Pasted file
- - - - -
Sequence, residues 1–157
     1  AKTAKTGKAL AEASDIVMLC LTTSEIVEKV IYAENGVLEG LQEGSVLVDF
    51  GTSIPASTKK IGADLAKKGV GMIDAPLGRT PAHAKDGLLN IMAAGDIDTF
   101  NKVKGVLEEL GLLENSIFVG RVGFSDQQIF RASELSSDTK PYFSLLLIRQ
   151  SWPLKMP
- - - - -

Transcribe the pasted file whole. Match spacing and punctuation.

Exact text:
Sequence, residues 1–157
     1  AKTAKTGKAL AEASDIVMLC LTTSEIVEKV IYAENGVLEG LQEGSVLVDF
    51  GTSIPASTKK IGADLAKKGV GMIDAPLGRT PAHAKDGLLN IMAAGDIDTF
   101  NKVKGVLEEL GLLENSIFVG RVGFSDQQIF RASELSSDTK PYFSLLLIRQ
   151  SWPLKMP